The biggest news from Amazon in 2011 won't be Cloud Drive or e-textbook rentals. It won't even be the hardware details on the Android-based tablet that's expected this fall.
It will be a technology most Kindle devices already use, sources say. That technology will bring all of Amazon's assets together to challenge Apple and Google.
Whispersync, Amazon's syncing service, works in tandem with Whispernet, a free cellular-based network. Piggybacking off Sprint, 3G Kindle users already connect to it for free. Up until this week, Amazon used Whispersync mainly for bookmarking Amazon e-books. It allows readers to pick up where they left off reading, even when switching between different Kindle devices and platforms.
Sources at Amazon whispered to BYTE that Whispersync is the secret sauce in the company's tablet strategy. If Amazon's upcoming tablet is the company's worst kept secret, then Whispersync may be the key to the future that's been hiding in plain sight for the past few years.
A free-to-use syncing and sharing technology requiring no Wi-Fi or contracts and operating via cellular, WhisperSync is not just about bookmarks, it turns out. It is the large-scale distribution mechanism behind the syncing and uploading of textbooks in Amazon's new textbook rental service, announced Monday.
That rental service will make some 230,000 textbooks available to students on Kindles at discounts of up to 80%--for as long as 360 days. Amazon's Kindle VP Dave Limp noted something else new at the announcement:
"We're extending our Whispersync technology so that you get to keep and access all of your notes and highlighted content in the Amazon Cloud, available anytime, anywhere--even after a rental expires," said Limp. "If you choose to rent again or buy at a later time, your notes will be there just as you left them, perfectly Whispersynced."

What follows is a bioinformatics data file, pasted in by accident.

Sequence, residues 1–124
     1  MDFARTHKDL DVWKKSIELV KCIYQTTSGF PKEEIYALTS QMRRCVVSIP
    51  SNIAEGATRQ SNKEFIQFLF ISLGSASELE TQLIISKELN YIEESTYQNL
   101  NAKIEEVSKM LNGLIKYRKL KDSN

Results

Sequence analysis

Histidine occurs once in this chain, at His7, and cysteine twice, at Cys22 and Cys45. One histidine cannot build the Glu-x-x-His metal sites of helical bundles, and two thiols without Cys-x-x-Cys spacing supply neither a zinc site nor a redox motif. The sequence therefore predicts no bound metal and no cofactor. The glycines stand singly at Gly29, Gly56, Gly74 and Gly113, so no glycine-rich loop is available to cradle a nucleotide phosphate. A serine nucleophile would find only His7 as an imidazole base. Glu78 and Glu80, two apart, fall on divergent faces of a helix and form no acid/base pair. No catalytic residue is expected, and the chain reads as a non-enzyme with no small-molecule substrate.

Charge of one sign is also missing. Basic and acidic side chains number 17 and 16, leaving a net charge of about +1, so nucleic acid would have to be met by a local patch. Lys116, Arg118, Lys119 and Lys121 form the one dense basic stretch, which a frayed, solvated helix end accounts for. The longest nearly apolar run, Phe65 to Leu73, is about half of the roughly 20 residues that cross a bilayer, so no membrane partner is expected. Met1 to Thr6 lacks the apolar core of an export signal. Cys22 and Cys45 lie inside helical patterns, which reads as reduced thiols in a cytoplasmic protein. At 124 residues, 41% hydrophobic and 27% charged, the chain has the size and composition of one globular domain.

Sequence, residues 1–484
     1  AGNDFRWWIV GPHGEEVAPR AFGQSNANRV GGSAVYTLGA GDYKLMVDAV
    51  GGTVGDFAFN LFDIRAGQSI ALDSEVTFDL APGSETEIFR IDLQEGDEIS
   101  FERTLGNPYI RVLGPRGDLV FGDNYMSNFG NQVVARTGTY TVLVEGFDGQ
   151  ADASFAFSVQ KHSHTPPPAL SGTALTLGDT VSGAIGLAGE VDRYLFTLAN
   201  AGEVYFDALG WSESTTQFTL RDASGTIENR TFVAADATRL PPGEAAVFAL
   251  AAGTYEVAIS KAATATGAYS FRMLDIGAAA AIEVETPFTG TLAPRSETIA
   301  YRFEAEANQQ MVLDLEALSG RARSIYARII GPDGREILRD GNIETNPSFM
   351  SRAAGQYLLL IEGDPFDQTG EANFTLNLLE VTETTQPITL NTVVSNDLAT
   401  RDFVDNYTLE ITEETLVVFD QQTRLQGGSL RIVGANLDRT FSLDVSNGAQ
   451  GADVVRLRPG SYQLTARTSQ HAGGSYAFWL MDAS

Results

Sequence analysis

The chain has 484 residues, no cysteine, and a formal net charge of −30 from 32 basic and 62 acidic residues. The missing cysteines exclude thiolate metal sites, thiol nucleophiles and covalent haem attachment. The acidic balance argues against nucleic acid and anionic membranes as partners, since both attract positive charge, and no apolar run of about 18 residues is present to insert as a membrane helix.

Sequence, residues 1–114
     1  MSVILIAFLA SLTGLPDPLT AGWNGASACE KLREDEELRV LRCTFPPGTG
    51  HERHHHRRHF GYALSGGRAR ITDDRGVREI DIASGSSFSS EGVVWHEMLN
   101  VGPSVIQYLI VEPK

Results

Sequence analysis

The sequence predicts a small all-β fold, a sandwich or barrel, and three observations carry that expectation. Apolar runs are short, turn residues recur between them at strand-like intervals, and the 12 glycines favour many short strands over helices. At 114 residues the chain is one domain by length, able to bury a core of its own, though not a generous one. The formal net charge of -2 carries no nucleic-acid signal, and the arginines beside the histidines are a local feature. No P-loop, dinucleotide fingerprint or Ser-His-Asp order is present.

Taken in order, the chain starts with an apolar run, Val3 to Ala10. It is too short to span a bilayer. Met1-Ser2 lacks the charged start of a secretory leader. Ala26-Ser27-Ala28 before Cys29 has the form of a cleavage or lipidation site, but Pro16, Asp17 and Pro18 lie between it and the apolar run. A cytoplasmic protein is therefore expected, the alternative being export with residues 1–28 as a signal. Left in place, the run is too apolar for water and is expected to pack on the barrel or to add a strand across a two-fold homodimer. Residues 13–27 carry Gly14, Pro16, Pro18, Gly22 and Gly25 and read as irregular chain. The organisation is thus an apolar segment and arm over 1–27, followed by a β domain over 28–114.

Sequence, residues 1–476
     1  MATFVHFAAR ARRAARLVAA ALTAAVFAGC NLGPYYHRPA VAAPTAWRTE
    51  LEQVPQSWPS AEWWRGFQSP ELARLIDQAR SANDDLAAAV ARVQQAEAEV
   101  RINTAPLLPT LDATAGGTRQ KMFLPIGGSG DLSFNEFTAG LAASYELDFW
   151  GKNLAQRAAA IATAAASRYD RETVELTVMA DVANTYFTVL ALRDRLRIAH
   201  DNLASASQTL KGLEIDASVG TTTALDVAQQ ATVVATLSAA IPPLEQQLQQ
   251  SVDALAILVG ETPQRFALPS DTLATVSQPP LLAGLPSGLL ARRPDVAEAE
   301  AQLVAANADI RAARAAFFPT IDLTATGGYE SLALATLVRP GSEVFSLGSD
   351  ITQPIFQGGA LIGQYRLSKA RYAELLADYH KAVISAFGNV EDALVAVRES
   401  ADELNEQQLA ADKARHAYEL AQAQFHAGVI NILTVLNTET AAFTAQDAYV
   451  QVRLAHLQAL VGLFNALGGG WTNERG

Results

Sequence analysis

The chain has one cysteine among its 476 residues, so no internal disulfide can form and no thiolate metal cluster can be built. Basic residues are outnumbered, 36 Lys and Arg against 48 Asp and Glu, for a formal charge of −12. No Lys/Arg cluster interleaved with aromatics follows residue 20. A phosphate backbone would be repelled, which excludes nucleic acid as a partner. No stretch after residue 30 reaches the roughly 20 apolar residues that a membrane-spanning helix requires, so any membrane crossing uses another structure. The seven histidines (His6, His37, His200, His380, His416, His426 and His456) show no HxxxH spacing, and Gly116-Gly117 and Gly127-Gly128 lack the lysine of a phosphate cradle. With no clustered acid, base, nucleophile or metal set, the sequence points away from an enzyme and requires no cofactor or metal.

Take note of that new verb, Whispersynced. You might be hearing it more often come fall.
The effort begins now with books, sources told BYTE, but it ends with music and video and perhaps even e-mail on an Amazon tablet that we could see in less than 90 days. Amazon has not confirmed the tablet's existence and has yet to confirm or deny it to BYTE.
Whispersync is key to Amazon's tablet plans and represents the company's main competitive weapon against the tablet space's only winning player, Apple, sources say.
Forrester analyst Frank Gillett sees Amazon gunning for Apple's iPad.
"If I connect all the dots, where I think Amazon is headed is toward something like Apple's iCloud," he tells BYTE. He's also predicting the effort will include some new services from Amazon, like e-mail, as the company moves to help consumers manage not only the commercial content that it sells, but also personal content.
The tablet is rumored to ship in a nine-inch form factor. Whispersync essentially turns the future tablet--or a Kindle--into a WiFi-free cell device that uses Cloud Drive to share and sync huge volumes of rich media, including books, music, photos and video, sources told BYTE.
"It's an unusual feature that's appealing to a lot of people because they can just look at the gadget and say 'yep, I've got a signal' and then they can buy stuff," says Forrester's Gillett. "Furthermore, there's no monthly network charge… it's a simplicity thing."
Amazon's tablet may not beat Apple on device cost. But priced effectively, the combination of the Amazon Marketplace, Cloud Drive, and cell-based syncing service will likely resonate with heavy media users, Amazon's sweet spot.
Amazon is targeting a mid-October release for its Whispersync-enabled Android tablet, in time for the holiday season, sources told BYTE.
Watch BYTE for more coverage soon on Amazon's upcoming tablet and Whispersync.
Based in Taos, New Mexico, Eric Mack is executive editor of news at BYTE. Email him at Eric.Mack@BYTE.com. Based in San Francisco, Gina Smith is launch editor at BYTE. Follow her at @ginasmith888. Email her at Gina@BYTE.com.